Letters of the Week

Super limits, the problem with low rates, and French language barriers.

Where’s the limit?

Bruce Brammall’s June 27 article about the 50/50/500 rule says this stays in place until 2014. So if you are over 50 can you still contribute $50,000 to super?

D Blasko

Editor’s response: Bruce’s article explains that the federal government deferred the 50/50/500 rule in the most recent budget. This means the rule will not take effect until at least July 1, 2014. This means that the concessional contribution limit for everyone, no matter what age or balance, is $25,000.

Rates reversal

I am a new (trial) subscriber to Eureka Report. I don’t hear much coverage of the “other side” of RBA rate cuts from most commentators. Practically all the coverage focuses on mortgage owners who only represent a minority relative to others who are relying on interest rates to stay reasonably high to ensure SMSF investments in term and bank deposits stay well ahead of inflation. Why do you think all the media and government focus is on driving the cash rate down for the benefit of mortgage holders, when they only represent about one-third of the marketplace? Do you think the RBA take non-mortgage holders adequately into account?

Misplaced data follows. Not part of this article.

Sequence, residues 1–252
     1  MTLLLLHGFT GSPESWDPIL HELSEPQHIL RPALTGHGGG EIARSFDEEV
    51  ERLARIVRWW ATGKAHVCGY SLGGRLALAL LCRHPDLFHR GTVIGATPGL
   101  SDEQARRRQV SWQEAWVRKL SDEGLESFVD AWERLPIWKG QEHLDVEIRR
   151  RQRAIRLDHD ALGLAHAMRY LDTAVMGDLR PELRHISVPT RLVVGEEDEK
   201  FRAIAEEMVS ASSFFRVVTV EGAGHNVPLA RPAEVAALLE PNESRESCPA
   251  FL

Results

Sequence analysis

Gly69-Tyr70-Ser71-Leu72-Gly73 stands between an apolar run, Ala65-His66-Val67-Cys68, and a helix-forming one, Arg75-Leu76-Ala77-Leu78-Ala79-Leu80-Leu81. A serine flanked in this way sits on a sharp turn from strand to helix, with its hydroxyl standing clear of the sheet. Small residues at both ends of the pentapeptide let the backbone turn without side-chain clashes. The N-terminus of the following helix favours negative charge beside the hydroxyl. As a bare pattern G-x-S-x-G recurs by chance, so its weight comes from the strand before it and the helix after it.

M Smith

Editor’s response: Good to have you with us. Several of our writers have looked at the double-edged sword that is the cash rate. It may interest you to read back on some articles such as Robert Gottliebsen on term deposits or Elizabeth Moran’s recent article on how to stay ahead of inflation, as you mention, with inflation-linked bonds.

Barrière de la langue

As one who is currently in Paris I must disagree with M Clugston (Letters of the Week, June 27). Everywhere you go in Paris at present there are soldes, offering up to more than 50% off. Perhaps the inability to read French led to this misunderstanding.

J Simmonds

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